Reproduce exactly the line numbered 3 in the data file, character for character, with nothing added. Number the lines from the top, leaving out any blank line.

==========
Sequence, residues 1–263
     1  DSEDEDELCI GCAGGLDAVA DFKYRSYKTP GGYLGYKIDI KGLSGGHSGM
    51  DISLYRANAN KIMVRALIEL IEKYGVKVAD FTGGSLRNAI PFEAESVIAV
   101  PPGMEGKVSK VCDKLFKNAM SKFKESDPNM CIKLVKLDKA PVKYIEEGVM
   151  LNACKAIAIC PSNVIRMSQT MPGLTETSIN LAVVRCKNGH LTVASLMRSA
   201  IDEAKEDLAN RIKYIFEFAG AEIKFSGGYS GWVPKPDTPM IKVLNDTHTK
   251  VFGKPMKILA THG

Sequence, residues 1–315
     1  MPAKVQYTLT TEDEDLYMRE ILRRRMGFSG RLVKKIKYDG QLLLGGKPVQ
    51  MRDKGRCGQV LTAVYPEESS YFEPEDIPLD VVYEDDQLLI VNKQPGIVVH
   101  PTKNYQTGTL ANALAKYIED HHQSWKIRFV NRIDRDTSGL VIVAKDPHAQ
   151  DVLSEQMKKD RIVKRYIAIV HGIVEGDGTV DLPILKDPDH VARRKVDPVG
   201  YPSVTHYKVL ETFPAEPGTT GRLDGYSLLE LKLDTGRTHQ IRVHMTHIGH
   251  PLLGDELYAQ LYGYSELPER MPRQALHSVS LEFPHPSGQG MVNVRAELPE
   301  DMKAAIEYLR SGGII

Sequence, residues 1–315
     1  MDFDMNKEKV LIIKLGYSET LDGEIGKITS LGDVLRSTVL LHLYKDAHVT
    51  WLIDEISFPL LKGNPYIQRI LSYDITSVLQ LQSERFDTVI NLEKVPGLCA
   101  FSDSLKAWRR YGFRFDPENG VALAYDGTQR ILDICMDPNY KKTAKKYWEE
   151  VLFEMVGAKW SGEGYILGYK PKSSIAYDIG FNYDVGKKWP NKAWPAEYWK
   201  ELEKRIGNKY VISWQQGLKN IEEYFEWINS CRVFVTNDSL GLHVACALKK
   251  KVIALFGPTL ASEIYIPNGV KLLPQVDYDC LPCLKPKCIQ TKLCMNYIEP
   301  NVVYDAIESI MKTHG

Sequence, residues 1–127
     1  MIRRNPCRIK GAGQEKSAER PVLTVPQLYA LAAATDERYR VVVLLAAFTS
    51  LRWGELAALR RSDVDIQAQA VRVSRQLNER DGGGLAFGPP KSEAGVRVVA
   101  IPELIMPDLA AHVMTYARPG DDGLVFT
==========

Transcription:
    51  DISLYRANAN KIMVRALIEL IEKYGVKVAD FTGGSLRNAI PFEAESVIAV